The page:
Hynix published a press release that they have acquired Link A Media Devices (commonly referred to as simply LAMD). The cost of the acquisition has not been revealed, nor did Hynix state when the acquisition should be complete. LAMD will be joining Hynix as a NAND focused business unit, but right now there is no confirmation whether the LAMD name will stay.

Update: Hynix acquired LAMD for $248 million.

LAMD was actually founded over eight years ago, but it has not received much publicity until earlier this month when Corsair announced their Neutron SSD series, which is the first consumer SSD to be based on a LAMD controller. LAMD has been more concentrated on the enterprise storage market in the past. 

Supposedly, the LM87800 controller used in Corsair's Neutron SSD series is exclusive to Corsair for the near future, although no specific time frame was announced. The acquisition should not have an impact on Corsair's exclusivity since it was disclosed before the acquisition, but I'm sure Corsair is not very happy about this. Corsair is one of the many SSD OEMs that mainly buy everything from other companies and just build the SSD. That limits differentiation and the LAMD exclusivity would have been a great benefit for them, but now it looks like it will be a very short run. 

Hynix is actually not a new player in the SSD market but their SSDs have never gained much popularity. (To be honest, I didn't know they made SSDs until I started googling.) In fact, Hynix' SandForce based SH910 lineup was revealed only a couple of days ago. 

As a whole, the deal makes perfect sense. Hynix is pretty much the only NAND manufacturer that has not had a breakthrough in the SSD market. Intel, Samsung, Micron/Crucial, Toshiba, and SanDisk are all fairly big names in the market. However, there is one thing common with all of them: they all make their own firmware. Intel gave up on in-house controllers (for the time being), but all their SSDs still ship with Intel's own custom firmware. Micron/Crucial is using Marvell's controllers with custom firmware in their consumer products, but they also have an in-house enterprise controller. Toshiba has made their own controllers in the past but their SATA 6Gb/s SSDs are a mystery for now; they might be a SandForce rebrand but I would at least expect custom firmware. SanDisk acquired a controller firm called Pliant in 2011, although they use third party controllers as well. And finally, Samsung is even more in control of their SSDs as they make everything from DRAM to firmware on their own.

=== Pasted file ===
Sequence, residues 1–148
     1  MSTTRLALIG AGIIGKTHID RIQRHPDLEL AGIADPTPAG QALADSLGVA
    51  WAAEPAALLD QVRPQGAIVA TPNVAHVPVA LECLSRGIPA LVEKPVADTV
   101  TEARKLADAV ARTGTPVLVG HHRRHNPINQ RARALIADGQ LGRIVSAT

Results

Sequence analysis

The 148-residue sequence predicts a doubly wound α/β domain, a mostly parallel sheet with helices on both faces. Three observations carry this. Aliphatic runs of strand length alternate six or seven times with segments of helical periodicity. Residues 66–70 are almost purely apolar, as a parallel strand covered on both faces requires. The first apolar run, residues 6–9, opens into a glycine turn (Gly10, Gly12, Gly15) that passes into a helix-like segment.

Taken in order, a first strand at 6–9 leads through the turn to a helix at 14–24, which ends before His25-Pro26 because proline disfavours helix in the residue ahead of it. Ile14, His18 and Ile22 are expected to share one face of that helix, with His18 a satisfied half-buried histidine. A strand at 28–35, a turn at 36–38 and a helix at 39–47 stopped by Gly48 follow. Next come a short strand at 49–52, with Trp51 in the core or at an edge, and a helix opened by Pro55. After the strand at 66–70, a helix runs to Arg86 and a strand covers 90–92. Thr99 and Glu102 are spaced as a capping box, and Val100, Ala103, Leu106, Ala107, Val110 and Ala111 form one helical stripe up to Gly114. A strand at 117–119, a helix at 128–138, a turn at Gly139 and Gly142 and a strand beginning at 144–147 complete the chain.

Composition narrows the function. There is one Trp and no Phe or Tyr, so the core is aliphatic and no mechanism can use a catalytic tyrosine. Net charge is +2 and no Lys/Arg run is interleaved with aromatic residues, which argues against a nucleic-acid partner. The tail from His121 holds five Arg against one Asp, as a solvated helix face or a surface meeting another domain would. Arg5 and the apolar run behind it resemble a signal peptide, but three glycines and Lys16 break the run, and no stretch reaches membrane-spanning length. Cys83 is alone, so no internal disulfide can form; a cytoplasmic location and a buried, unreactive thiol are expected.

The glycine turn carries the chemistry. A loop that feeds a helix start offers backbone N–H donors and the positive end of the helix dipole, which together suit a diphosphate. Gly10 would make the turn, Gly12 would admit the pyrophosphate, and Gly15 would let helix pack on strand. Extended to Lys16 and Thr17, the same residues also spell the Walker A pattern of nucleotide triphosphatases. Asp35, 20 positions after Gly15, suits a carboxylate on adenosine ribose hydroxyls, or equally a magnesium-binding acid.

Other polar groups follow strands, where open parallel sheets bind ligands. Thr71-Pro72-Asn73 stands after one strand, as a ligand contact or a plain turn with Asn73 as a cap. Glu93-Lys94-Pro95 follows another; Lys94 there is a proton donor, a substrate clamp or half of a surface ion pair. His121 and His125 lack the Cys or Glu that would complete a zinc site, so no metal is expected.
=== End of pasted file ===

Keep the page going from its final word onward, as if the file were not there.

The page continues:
It's quite obvious that Hynix needed something that would make them unique. SandForce is now part of LSI, which is way too big for Hynix to acquire (considering they haven't made any profit in the last two years). Marvell falls in the same category. While the price of the acquisition was not revealed, LAMD was likely nowhere near as expensive as LSI or Marvell would have been, which is why it was a logical choice for Hynix.

Another option would have been hiring a firmware team and developing a custom firmware for a third party controller like Intel and Micron are doing. The downside is that they would not have the freedom to do whatever they want - they might be limited by the controller's design for example. Having your own controller is liberating because you have the ability to design it from a scratch. You can concentrate on the areas you find important and not be bottlenecked by a third party controller. 

All in all, this is a very interesting and welcome acquisition. Now Hynix has all they need: NAND, DRAM, controller and firmware. As we have seen with Intel, Samsung, and other SSD giants, that is an extremely powerful combination. Judging by the performance figures of Corsair's Neutron series, LAMD's LM87800 controller is fast. Combine a high performance controller with your own NAND and you've got a competitive SSD. Reliability is of course a question mark at this point but usually when you build the SSD from beginning to end, reliablity is higher because you have total control over every single part. It's not a coincidence that Intel, Samsung, Toshiba and Micron/Crucial SSDs are regarded as the most reliable SSDs.

We are eagerly waiting for our Corsair Neutron review sample to see how the LAMD controller performs. Once we have tested it, we might know more about the motives behind Hynix's decision to acquire LAMD. Either way, it looks like the SSD market just got one more powerful competitor.

 

Source: Hynix Press Release

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  • shorty lickens - Tuesday, June 26, 2012 - link

    I should see if they'll hire me back now.
    Got laid off 4 years ago when the economy took a dive.
    Reply

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